Dundee and Angus College’s Kingsway Campus will be transformed thanks to a £5.4 million upgrade.
The project will see social spaces, digital resources, beauty and hairdressing facilities all being modernised. The training restaurant will also be revamped.
The Dundee and Angus Foundation secured the funding through grants from Capital Backlog Maintenance and the Scottish Funding Council.
Grant Ritchie, college principal, said: “We are absolutely delighted to announce the start of this project and would like to thank our key funders. Young people in this region will benefit hugely from improved facilities for professional work-based learning.
“The investment will also help local firms get moving again after the lockdown and provide much needed employment opportunities.”
Building firm Robertson has been assigned as the main contractor for the work and the college has pledged to ensure most of the subcontracting goes to local firms in a bid to “stimulate the local economy”.
Cher Meldrum, college student president, said: “This project is going to be amazing for our students. With a more engaging and accessible layout the opportunities, professional setting and industry knowledge the students will gain will massively enhance their learning experience.
“Modernising the social spaces is giving us the chance to provide our students with not only a great place to learn but to be involved with more activities and have the family feel we strive for at Dundee and Angus College.”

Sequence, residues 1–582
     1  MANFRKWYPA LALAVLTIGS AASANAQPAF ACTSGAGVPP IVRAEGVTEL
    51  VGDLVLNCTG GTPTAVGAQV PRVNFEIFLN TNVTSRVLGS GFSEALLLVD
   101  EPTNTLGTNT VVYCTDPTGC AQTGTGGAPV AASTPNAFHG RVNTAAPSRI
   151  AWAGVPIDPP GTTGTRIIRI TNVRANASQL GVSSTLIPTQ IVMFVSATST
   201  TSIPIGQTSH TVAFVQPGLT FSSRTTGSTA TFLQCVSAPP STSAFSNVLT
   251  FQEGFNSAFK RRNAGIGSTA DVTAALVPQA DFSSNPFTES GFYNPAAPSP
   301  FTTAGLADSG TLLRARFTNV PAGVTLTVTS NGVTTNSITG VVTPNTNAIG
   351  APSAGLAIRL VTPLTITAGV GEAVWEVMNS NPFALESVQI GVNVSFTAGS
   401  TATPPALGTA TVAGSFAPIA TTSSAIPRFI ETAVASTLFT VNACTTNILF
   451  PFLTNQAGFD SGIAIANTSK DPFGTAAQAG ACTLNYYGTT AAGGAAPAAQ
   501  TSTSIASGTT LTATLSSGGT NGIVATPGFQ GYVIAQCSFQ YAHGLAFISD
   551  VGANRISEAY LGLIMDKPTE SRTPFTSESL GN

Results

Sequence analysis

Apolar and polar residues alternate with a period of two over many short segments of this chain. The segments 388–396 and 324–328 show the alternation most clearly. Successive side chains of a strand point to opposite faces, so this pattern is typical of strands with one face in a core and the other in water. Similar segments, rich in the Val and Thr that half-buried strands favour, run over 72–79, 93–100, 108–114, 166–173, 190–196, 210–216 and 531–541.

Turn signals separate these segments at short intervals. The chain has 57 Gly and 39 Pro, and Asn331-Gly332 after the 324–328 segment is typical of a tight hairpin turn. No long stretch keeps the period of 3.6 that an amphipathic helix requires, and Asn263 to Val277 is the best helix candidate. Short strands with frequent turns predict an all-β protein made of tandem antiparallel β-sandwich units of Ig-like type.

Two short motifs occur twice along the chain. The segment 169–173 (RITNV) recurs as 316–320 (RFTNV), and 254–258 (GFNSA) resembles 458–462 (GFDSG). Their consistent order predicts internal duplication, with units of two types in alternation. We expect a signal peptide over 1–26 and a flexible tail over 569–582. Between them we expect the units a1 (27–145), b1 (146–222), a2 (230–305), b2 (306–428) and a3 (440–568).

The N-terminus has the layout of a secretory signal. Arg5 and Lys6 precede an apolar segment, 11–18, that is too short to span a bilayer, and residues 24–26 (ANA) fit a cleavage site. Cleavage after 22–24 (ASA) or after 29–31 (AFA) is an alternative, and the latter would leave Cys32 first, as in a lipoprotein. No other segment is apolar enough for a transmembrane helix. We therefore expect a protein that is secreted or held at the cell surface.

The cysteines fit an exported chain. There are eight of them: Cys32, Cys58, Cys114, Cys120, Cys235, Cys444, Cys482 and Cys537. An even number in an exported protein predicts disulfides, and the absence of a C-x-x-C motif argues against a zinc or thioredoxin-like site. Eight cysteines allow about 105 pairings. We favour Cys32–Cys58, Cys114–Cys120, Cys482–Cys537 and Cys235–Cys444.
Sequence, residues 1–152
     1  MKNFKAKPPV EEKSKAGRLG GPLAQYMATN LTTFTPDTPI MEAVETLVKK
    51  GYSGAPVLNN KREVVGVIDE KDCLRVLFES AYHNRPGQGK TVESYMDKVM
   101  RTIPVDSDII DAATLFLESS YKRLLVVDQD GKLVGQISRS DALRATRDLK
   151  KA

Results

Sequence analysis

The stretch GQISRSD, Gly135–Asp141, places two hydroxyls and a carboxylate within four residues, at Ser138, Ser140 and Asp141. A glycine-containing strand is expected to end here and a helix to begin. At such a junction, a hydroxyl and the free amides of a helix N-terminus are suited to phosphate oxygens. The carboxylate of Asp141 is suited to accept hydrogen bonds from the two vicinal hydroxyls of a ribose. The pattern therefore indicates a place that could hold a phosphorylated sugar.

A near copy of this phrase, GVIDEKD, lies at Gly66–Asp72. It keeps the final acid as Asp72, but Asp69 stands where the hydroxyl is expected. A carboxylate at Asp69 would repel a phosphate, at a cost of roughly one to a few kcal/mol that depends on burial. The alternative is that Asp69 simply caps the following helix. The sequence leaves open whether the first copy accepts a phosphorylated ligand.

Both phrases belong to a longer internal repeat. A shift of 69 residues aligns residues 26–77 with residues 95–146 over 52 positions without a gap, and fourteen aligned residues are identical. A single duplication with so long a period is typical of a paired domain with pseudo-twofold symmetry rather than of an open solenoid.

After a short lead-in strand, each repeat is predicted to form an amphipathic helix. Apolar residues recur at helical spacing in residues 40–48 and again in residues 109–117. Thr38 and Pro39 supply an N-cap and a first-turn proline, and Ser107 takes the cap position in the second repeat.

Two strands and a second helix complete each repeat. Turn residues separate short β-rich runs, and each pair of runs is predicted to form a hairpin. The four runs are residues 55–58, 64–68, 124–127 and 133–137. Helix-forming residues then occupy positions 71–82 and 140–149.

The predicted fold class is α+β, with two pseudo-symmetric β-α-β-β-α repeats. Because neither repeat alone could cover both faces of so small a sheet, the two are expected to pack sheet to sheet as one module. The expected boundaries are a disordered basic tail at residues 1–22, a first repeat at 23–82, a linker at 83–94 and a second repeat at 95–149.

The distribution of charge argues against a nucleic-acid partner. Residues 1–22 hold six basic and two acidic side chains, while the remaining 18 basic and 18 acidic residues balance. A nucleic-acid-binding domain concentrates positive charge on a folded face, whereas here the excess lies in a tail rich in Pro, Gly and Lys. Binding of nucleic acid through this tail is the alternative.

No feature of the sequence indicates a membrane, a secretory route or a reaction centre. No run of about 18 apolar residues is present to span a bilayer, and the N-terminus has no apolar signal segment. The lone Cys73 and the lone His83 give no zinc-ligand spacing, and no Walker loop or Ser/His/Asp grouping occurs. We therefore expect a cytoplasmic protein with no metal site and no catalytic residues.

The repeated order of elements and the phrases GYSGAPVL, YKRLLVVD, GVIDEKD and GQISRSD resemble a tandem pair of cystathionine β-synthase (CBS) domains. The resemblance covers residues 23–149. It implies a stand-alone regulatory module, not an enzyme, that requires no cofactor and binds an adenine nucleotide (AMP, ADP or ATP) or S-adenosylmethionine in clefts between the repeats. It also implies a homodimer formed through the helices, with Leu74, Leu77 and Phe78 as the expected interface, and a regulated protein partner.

Mary Crighton, Dundee and Angus College Foundation chairwoman, said: “The Foundation is very pleased to assist Dundee and Angus College with the upgrade of their premises at Kingsway campus, which will improve and enhance the learning experience for their students.”
Other upcoming college projects include working with the Michelin Scotland Innovation Parc to introduce a skills academy on the site to develop training in low carbon transport, renewable energy and advanced engineering.
There is also plans for a new Stem centre to be built on the Kingsway Campus, but that project is still in the early stages.
Mr Ritchie added: “Colleges will be at the heart of economic recovery and are critical to introducing the new skills and training required to face the industries of the future.”